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196 Evatt to Hodgson

Cablegram E95 WASHINGTON, 18 May 1943, 12.30 a.m.


Reference Bruce's telegram S.57 repeated to Washington. [1]

I think Bruce's contact with the Polish Ambassador quite
unnecessary. Bruce was informed by me of the matter and the
procedure to be adopted; namely a clear indication that no action
was necessary in London. [2] He knew that the Prime Minister has
authorized me to deal with Churchill. [3] The United Kingdom was
acting for the Commonwealth in duly obtaining the Polish
Government's consent. There the matter ended in London. Bruce's
intervention increases the risk of premature disclosure and
consequent embarrassment. Bruce is not our Minister to the Polish
Government. For instance, it would be inappropriate for formal
letter referred to in S.99 to go through Bruce when United Kingdom
acting for us.

You will agree to this point of view. Please watch Bruce's cables
closely in order to keep me informed of any others of similar
nature. This, coming on top of his asking for Officer be appointed
Minister [4], confirms the suspicion that the two have been in
communication on the matter without reference to you or me. Having
reference to the previous conduct of Officer [5], wish you to be
on your guard throughout all these negotiations. [6]


1 This appears to be an incorrect reference to Bruce's cablegram
S99 of 17 May (on file AA:A989, 43-44/715/5/2/2), which was
repeated to Washington as no. 31. It reported a conversation with
the Polish Ambassador to the United Kingdom (Count Edward
Raczynski), who had told Bruce 'that his Government was most
appreciative of Australia's spontaneous offer to take over Polish
representation in the U.S.S.R.'. Bruce's note of the conversation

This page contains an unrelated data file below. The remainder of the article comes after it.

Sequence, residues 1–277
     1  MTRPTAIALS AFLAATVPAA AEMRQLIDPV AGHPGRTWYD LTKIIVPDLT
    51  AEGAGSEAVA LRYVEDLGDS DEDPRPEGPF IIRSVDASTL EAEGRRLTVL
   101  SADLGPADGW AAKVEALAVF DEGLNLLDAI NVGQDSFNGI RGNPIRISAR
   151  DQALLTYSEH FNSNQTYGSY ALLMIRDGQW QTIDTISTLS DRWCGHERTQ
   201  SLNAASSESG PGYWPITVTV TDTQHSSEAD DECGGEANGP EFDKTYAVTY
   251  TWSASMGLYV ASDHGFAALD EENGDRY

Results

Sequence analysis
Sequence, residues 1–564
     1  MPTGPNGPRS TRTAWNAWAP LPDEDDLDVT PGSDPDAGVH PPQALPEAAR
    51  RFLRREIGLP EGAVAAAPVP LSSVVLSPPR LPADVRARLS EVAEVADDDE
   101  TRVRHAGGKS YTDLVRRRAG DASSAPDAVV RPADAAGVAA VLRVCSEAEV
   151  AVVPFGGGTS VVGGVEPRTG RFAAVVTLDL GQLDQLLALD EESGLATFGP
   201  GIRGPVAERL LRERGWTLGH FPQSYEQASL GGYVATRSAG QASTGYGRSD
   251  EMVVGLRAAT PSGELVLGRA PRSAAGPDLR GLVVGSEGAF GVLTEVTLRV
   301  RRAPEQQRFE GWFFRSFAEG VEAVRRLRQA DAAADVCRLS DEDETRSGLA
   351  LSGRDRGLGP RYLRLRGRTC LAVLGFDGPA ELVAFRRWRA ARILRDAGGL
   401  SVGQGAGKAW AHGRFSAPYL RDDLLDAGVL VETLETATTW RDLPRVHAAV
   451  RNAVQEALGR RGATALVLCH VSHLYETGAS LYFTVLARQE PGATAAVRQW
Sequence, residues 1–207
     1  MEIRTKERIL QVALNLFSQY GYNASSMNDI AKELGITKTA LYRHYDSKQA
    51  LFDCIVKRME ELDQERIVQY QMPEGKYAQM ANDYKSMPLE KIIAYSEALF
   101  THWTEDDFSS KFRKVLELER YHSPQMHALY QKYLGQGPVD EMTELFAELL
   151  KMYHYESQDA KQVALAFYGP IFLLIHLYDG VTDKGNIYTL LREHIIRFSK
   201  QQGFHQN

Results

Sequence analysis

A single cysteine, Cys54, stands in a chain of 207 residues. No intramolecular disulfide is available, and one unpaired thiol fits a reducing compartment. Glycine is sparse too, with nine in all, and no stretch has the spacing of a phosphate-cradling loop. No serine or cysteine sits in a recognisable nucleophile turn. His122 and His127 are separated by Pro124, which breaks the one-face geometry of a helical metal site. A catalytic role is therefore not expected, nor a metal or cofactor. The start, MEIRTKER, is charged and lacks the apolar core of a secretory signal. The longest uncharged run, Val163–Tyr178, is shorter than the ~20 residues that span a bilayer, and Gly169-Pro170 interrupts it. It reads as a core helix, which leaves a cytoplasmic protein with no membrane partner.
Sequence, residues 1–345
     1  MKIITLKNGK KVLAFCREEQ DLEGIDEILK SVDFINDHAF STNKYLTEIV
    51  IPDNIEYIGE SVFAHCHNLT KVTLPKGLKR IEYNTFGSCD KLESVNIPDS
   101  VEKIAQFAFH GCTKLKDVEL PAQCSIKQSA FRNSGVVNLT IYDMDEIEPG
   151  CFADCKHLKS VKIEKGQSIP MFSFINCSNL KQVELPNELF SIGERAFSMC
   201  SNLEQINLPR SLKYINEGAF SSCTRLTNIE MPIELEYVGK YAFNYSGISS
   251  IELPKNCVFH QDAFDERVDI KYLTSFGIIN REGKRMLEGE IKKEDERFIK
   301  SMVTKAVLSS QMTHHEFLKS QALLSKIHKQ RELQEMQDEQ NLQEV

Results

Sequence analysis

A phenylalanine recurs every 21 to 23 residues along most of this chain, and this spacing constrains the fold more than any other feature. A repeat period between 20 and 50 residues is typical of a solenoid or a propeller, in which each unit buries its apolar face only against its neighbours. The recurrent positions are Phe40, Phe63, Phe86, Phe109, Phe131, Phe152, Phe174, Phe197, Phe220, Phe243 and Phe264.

(on file AA:M100, May 1943) recorded that he and Raczynski had
agreed 'that the next move was for the Polish Government to write
a formal letter', but that Bruce had stressed 'that the real move
would come from Washington, in view of the fact that Dr. Evatt was
in touch with the Prime Minister and President there'.

2 This is apparently a reference to the message cited in Document
194, note 4.

3 See Document 184.

4 i.e. Minister to the Soviet Union. See Bruce's cablegram 30 of
16 May on file AA:M100, May 1943.

5 This is probably a reference to Officer's relations with
Australia's first Minister (William Slater), who had left the
Soviet Union because of ill health in mid April. Slater met Evatt
in Washington in the course of his journey back to Australia and
Evatt subsequently cabled to Hodgson: 'From what I can gather
Officer and Heydon gave so little help to Slater that the case is
almost one of sabotage' (see extract from cablegram E27 of 24
April on file AA:A4764, 4). No evidence to support Evatt's
accusation has been found; indeed Slater's report on his term in
Kuybyshev stated: 'The whole of the staff is giving satisfaction
and working well together as a team' (see Slater's letter to
Curtin of 17 June on file AA:A989, 43-44/845/4, i). Evatt may also
have regarded Officer with suspicion because the latter had worked
in the past with Bruce and Casey.

6 Evatt informed Curtin on 20 May that the Soviet Foreign
Minister, V. M. Molotov, had agreed to Australia representing
Polish interests in the Soviet Union and Curtin made a public
announcement on 25 May (see Evatt's cablegrams E102 of 20 May and
E107 of 24 May to Canberra; Evatt's cablegram E4 of 24 May to
Kuybyshev; and External Affairs Dept cablegram 58 of 25 May to
Kuybyshev). The Soviet Govt initially took the view that there was
no need for an announcement in the Soviet Union, but on 18 June
Evatt, who had been approached by the Polish authorities in
London, asked Officer to make representations for the issue of an
appropriate communique (see External Affairs Dept cablegram 78 of
16 June to Kuybyshev, Kuybyshev cablegrams 106 of 17 June and 114
of 23 June to the External Affairs Dept and Evatt's cablegram 6 of
18 June to Kuybyshev). On 3 July Officer advised Evatt that the
Soviet authorities had agreed to the publication of a brief
announcement in Izvestia (see cablegrams 32-3). All cablegrams
cited in this note are on file AA:A989, 43-44/715/5/2/2.

For a detailed account of subsequent developments see Sir Peter
Heydon, 'Protecting Polish interests in the USSR 1943-1944: An
episode in Australian representation', Australian Journal of
Politics and History, vol. XVIII, no. 2, 1972, pp. 189-213.

[AA:A4764, 4]
Last Updated: 11 September 2013
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